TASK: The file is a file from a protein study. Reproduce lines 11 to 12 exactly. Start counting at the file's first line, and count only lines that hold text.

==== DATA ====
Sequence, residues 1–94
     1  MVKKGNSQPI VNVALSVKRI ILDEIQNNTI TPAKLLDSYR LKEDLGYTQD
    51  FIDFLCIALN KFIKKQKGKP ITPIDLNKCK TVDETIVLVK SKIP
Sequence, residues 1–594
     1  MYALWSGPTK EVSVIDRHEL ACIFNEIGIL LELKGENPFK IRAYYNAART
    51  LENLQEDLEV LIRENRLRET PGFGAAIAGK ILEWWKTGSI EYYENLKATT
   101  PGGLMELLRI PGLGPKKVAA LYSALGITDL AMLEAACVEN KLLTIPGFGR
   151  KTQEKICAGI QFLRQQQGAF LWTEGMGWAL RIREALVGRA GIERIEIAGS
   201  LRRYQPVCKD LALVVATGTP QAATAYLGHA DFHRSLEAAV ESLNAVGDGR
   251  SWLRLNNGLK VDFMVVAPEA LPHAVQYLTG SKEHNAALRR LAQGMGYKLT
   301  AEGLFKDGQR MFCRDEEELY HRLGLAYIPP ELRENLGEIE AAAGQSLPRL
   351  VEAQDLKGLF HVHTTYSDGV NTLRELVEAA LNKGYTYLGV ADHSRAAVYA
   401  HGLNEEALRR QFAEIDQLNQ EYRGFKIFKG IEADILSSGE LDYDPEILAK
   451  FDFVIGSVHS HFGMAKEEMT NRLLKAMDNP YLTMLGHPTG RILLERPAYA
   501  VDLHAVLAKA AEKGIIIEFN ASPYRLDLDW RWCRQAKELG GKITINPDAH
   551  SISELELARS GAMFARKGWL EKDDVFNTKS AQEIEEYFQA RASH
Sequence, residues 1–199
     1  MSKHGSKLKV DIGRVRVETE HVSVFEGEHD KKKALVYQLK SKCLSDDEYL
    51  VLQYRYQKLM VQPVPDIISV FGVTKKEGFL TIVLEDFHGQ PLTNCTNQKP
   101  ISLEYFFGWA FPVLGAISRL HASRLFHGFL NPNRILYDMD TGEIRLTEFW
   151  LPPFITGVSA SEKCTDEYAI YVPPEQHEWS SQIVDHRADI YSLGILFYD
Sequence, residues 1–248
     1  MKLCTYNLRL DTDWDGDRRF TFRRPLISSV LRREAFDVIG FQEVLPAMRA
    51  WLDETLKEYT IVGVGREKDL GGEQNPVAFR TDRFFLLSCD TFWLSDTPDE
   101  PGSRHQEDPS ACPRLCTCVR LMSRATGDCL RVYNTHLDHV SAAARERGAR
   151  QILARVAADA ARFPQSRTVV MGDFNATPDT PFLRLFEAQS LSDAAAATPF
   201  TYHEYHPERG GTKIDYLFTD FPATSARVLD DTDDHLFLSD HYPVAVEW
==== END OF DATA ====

   301  AEGLFKDGQR MFCRDEEELY HRLGLAYIPP ELRENLGEIE AAAGQSLPRL
   351  VEAQDLKGLF HVHTTYSDGV NTLRELVEAA LNKGYTYLGV ADHSRAAVYA